Today's D Brief: SecDef in Mideast; Hungary blocks EU aid to Kyiv; US warship downs ‘drone wave’; Arizona sends Guard to border; And a bit more.

Pentagon chief Lloyd Austin is in the Middle East for meetings with several officials this week, including Israel’s military chief on Monday and various Kuwaiti officials Sunday following the passing of Emir Sheikh Nawaf al-Ahmad al-Sabah the day prior at age 86. 

Israel’s military ended last week on a tragic note after its troops killed three hostages who were waving a white flag when they were shot during ground operations in the Gaza Strip. The Israeli military chief of staff afterward reminded his troops to “take two seconds” before firing similarly in the future. The New York Times has a bit more on the three who were killed Friday: Yotam Haim, Alon Shamriz, and Samer Talalka. 

Another Israeli attack killed one journalist and wounded another. As they visited a school hit with Israeli airstrikes earlier on Friday, an Israeli drone returned to attack the school a second time, killing al-Jazeera cameraman Abu Daqqa. According to the Committee to Protect Journalists, at least 64 journalists have been killed covering the Israel-Hamas war, which began more than two months ago. 

Update: Almost 19,000 Palestinians have been killed in the fighting so far, according to the United Nations, citing data from the Gaza Ministry of Health. At least 1,200 Israelis are believed to have perished since Hamas launched its brutal surprise attack on October 7—though more recent estimates have ranged downward, possibly closer to 700, as France24 reported last week. 

Developing: CIA chief William Burns is in Warsaw for talks about resuming hostage negotiations between Israel and Hamas, Axios reported Monday.  

SecDef Austin dropped by Tel Aviv on Monday partly to urge greater scrutiny on the part of Israeli war planners as they continue with their mission of crushing Hamas’ military capabilities. It’s unclear when that mission could wrap up, but Israeli military chief Yoav Gallant last week said accomplishing his objectives will take “more than several months.”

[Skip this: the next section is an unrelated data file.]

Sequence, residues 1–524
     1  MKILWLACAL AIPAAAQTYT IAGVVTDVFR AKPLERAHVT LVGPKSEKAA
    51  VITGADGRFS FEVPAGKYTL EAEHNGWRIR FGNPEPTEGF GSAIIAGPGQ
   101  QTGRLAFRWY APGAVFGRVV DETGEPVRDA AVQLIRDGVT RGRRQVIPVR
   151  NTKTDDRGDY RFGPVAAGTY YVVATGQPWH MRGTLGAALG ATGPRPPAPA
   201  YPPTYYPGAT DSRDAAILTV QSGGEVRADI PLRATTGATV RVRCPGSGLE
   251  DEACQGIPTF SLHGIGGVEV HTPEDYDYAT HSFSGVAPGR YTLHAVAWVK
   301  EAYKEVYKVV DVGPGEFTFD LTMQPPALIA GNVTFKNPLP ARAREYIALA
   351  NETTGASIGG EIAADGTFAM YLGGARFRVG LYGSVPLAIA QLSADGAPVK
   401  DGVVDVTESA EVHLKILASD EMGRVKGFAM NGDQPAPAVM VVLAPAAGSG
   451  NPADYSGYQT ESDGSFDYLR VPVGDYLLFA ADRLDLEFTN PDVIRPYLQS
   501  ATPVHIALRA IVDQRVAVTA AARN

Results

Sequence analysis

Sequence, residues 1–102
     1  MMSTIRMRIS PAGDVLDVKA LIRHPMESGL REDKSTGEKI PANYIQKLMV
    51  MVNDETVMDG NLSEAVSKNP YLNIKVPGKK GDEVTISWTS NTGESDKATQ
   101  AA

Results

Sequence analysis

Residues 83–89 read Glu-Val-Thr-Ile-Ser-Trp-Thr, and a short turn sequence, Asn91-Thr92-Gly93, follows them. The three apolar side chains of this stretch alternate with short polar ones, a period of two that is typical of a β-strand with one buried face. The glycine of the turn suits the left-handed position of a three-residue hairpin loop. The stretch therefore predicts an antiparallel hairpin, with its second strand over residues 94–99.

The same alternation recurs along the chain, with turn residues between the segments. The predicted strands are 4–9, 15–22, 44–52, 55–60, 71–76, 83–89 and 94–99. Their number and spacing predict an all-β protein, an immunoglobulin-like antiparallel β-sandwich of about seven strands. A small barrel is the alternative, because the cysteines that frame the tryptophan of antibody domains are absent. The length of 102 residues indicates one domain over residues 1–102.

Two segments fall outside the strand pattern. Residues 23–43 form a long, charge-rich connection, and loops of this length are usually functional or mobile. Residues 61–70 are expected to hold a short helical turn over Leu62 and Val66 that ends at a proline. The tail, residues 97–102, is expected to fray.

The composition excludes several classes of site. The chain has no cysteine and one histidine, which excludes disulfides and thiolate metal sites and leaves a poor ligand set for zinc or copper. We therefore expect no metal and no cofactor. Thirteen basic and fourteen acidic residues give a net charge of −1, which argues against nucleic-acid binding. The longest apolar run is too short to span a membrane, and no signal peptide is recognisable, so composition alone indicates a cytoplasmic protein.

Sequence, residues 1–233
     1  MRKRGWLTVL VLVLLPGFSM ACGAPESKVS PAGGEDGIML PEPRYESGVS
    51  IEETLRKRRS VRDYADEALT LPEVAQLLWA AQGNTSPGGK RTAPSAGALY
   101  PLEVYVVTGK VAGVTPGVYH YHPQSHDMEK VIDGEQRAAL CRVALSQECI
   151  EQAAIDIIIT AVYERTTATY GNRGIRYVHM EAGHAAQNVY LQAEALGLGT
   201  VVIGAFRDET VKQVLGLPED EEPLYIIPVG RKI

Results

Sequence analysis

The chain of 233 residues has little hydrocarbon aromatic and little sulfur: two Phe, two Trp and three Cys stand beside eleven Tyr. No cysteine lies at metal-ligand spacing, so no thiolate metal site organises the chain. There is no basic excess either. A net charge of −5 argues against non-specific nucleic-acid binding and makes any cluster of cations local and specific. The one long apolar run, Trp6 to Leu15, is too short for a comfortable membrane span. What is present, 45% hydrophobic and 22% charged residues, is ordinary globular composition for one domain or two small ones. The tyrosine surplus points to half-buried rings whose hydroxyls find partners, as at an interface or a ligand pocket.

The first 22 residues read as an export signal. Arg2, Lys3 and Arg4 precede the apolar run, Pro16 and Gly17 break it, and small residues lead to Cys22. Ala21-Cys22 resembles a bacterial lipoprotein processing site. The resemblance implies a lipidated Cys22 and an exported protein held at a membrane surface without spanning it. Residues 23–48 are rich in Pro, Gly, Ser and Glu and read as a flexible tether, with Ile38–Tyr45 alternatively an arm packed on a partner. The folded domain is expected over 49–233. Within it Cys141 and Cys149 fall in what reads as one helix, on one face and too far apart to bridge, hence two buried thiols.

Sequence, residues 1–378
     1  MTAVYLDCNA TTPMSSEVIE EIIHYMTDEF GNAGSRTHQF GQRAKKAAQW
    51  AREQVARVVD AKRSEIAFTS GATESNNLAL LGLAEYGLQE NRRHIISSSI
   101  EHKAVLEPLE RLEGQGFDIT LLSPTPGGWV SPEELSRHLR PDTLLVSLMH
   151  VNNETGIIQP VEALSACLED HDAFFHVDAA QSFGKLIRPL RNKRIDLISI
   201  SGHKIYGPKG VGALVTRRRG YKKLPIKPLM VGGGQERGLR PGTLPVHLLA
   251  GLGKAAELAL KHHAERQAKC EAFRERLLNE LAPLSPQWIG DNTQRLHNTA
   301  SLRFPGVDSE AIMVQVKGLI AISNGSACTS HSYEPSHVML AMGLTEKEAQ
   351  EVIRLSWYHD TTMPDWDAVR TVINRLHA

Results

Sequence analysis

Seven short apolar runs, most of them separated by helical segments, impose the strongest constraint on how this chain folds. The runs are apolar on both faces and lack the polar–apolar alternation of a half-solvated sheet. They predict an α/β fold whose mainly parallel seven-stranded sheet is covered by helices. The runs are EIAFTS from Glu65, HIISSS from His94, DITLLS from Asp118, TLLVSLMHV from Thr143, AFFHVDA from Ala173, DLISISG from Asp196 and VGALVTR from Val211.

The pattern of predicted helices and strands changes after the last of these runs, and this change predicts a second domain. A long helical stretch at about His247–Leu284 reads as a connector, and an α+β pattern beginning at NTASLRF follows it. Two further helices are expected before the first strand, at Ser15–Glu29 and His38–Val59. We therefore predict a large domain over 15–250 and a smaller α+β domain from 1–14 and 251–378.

The Pentagon’s top commander in the Middle East also traveled to Israel for talks with officials in Tel Aviv on Friday. Army Gen. Michael Kurilla “and the Israeli leaders discussed strategic matters, the current security situation, humanitarian assistance, and civilian harm mitigation efforts,” U.S. officials at the Tampa-based Central Command said Sunday. Kurilla had previously visited Egypt, Jordan, Iraq, and Syria days before heading to Tel Aviv. 

As global support for Israel declines, Israeli officials spent the weekend directing attention to an exceptionally wide tunnel its troops discovered underneath Gaza. The tunnel was discovered weeks ago, but officials on Friday emphasized certain aspects for media outlets such as CNN, the New York Times, and the Wall Street Journal. The tunnel was wide enough for a car, and included a makeshift railway. It also descended as much as 50 meters and ended about 400 meters from Israel’s border. 

Britain and Germany’s top diplomats urged Hamas to lay down its arms to begin a “sustainable cease-fire” as soon as possible, according to a joint op-ed published Saturday by The Sunday Times of London. While also pushing for a two-state solution, which Israeli officials have rejected, Foreign Secretaries Annalena Baerbock of Germany and David Cameron of the UK argue, “Israel will not win this war if its operations destroy the prospect of peaceful coexistence with Palestinians…They have a right to eliminate the threat posed by Hamas. But too many civilians have been killed.” 

“Our goal cannot simply be an end to fighting today. It must be peace lasting for days, years, generations,” Baerbock and Cameron wrote. “We therefore support a cease-fire, but only if it is sustainable.” 

White House National Security Advisor Jake Sullivan called his Emirati counterpart Sunday to discuss a wide range of issues, including “countering threats from the Houthis to freedom of navigation in the Red Sea,” according to the White House’s readout.

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The Iran-backed Houthis in Yemen have managed to disrupt naval shipping around the globe. Late last week, industry titan Maersk announced it was temporarily halting use of the Red Sea after weeks of constant Houthi missile and drone attacks on ships (Reuters). French company CMA CGM and German transport company Hapag-Lloyd also suspended Red Sea transit over the weekend, the BBC reported Saturday. British oil giant BP announced a similar re-routing of its vessels this weekend, too; however the Wall Street Journal reports “Oil was still sailing through the Red Sea on Monday.” 

By the way: The UAE is reportedly pushing the U.S. to attack the Houthis, but the Saudis are still of a different mind, Bloomberg reported Monday. The Emiratis and the Saudis, you may recall, support different factions in the ongoing war in Yemen; so it’s a considerable challenge to align those interests into a single strategy at the moment.